For Wyndham Destinations, the world’s largest vacation ownership company, a conversation about energy management quickly leads to one about environmental strategy.
The two are interconnected. In 2018, the company’s physical footprint changed when Wyndham Worldwide spun off their hotels and resorts business and became Wyndham Destinations. Their current portfolio currently includes more than 220 vacation ownership resorts and 4,300 affiliated exchange properties.
“We stay up-to-date on what the science community is telling us, and we are aware we may need to set more aggressive goals,” says John Hodges, sustainability manager for Wyndham Destinations. He added that 65% of their locations are TripAdvisor GreenLeader certified at bronze or above, meaning they are committed to sustainability practices like recycling, local and organic food, and electric car charging stations.
Hodges will be speaking about going deeper with energy savings at the 2019 Environmental Leader and Energy Manager Conference in May. We caught up with him to find out how the company’s energy strategy connects with broader environmental goals like water savings.
What are Wyndham Destinations’ environmental goals and how does energy fit in?
We want to help improve the environment and make sure that our carbon footprint gets lower and lower as time goes on. We stick to the Science Based Targets for our sector. As Worldwide, we set the goal for our carbon intensity to be down 40% by 2025.
Energy obviously plays a huge role in that. We can’t get that down unless we’re efficiently managing our energy and figuring out alternative sources as well as different voluntary carbon offsets (VCOs) to hit the numbers that are important.
How does the company approach these goals?
One method is an internal certification program we created for our locations based on our managed location portfolio, which is a little more than 200 properties. The certification program is something we worked on with our QA team that visits the property once a year to give us an idea of what these properties are doing.
We can’t correct what we don’t know. The certification program is helping us drive standards within the organization. Through our program, we did an internal calculator to show locations what their ROI would be for different projects. Incandescent to LED is one of the larger savings, which we’ve done across almost every single one of our properties. It’s contributed to a 20 to 30% reduction in our carbon intensity compared to a 2010 baseline.
What about renewables?
Right now we have about 16 properties we’ve converted to solar. In 2018, we’ve seen 6.5 million kilowatt hours of energy produced. We definitely want to push that more. Our WorldMark by Wyndham vacation club resorts have really taken to solar.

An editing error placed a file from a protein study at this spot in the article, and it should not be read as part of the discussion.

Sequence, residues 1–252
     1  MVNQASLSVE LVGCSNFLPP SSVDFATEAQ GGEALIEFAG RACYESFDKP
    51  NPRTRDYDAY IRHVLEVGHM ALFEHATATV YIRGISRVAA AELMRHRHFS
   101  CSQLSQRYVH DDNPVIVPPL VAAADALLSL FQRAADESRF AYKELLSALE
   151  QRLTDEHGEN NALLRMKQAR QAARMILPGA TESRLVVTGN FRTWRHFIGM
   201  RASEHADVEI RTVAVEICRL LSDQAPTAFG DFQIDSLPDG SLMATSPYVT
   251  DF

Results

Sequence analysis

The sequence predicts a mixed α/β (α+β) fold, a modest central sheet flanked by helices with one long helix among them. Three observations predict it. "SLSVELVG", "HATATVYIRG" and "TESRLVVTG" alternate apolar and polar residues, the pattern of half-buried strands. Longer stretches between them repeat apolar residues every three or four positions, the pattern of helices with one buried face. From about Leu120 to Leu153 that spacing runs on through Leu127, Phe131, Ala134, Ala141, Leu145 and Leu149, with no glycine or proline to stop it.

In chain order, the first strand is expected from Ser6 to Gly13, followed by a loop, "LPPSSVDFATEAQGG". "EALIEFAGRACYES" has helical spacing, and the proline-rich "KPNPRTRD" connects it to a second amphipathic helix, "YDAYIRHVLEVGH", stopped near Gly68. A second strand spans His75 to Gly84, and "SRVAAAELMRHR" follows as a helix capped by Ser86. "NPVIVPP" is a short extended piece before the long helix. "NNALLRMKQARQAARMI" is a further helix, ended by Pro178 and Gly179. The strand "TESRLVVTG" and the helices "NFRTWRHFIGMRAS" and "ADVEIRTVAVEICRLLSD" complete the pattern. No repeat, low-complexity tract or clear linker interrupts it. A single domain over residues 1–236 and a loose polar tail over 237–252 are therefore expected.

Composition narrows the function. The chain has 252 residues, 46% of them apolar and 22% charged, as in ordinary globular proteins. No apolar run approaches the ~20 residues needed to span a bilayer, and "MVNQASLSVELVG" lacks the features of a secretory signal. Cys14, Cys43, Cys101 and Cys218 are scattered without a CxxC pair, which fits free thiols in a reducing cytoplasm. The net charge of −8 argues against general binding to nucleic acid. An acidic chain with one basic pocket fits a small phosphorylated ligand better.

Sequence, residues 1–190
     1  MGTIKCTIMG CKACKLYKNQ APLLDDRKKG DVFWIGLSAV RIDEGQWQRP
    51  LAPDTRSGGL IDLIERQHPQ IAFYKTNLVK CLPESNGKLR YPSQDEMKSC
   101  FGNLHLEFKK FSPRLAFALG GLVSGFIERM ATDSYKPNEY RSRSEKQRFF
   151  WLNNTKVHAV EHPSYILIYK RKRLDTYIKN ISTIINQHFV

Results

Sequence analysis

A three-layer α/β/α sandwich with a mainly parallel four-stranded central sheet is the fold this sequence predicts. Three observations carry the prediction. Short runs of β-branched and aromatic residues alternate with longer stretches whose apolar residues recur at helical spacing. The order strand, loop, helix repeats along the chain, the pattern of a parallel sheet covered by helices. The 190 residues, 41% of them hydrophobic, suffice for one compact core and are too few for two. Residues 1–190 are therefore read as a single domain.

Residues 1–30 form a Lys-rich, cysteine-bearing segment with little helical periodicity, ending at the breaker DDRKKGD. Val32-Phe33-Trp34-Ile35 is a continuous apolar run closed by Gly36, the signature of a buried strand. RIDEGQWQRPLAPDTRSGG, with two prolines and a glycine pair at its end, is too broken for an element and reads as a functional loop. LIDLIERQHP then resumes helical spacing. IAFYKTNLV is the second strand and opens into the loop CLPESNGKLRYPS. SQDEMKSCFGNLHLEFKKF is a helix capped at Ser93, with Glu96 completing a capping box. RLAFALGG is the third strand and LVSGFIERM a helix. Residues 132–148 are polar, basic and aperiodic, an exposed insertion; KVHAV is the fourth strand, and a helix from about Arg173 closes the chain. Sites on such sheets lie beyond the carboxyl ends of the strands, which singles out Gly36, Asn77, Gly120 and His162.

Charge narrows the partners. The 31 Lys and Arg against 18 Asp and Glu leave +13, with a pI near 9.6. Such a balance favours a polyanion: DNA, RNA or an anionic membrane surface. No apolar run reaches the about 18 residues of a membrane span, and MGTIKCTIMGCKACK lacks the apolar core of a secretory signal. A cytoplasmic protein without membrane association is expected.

We can only do it in locations where it makes sense, but in 2018 alone we installed two new locations. From 2016 to 2018, we’ve seen about a 150% increase in energy usage from renewables, and that’s all due to solar. We’re starting to see a high return on solar, which is great. It’s a start.
Is there a specific example involving solar?
We have a property in California, the WorldMark Big Bear, that has done a lot with energy and water together. About 90% of their electrical output per year comes from solar. They really took this and flew with it.
Water-wise, they replaced a lot of the grass with a special turf that saved tons of money on landscaping and watering the grass. This helped on the energy side, too. The sprinkler systems that were removed, a good amount of energy was saved from that. You’re saving on the maintenance and the upkeep. The City of Big Bear recognized them during the drought for reducing their water usage.
WorldMark Big Bear is Green Key certified and TripAdvisor GreenLeaders silver. They also reduced their overall energy usage intensity (EUI) by about 15% year-over-year. And we’re just getting started with energy audits at the property.
What is the biggest hurdle for making these changes, and how do you address it?
For a property trying to manage their P&L, money is a huge factor. Change is very hard for everybody, but convincing them to put the capital down is the hardest hurdle that we have to get over.
There are tools and resources that show the opportunity. With lighting, for example, a simple calculator helped people see that, yes, you have to buy all new light bulbs, but the difference in wattage equals this savings on your bill. Let’s say you’re putting $50,000 down, but you’re going to save $60,000 in the first year and then every year after that. They really need to see the ROI.
Did changing to Wyndham Destinations affect your goals?
We’ve been working with the DOE on the Better Buildings Challenge to reduce energy usage for 10 million square feet through the EPA’s platform. Wyndham Worldwide used to have a 20% reduction in energy intensity by 2020 goal. Now that our footprint has changed and half of those locations are no longer in our portfolio, we’re going to be setting a new goal with them.
That partnership is great. As a company, it keeps us in line. They’re not holding our feet to the fire, but it’s showing that we’re moving forward to lower our EUI.
John Hodges will be speaking at the 4th Annual Environmental Leader & Energy Manager Conference (ELEMCON) May 13 – 15, 2019 in Denver.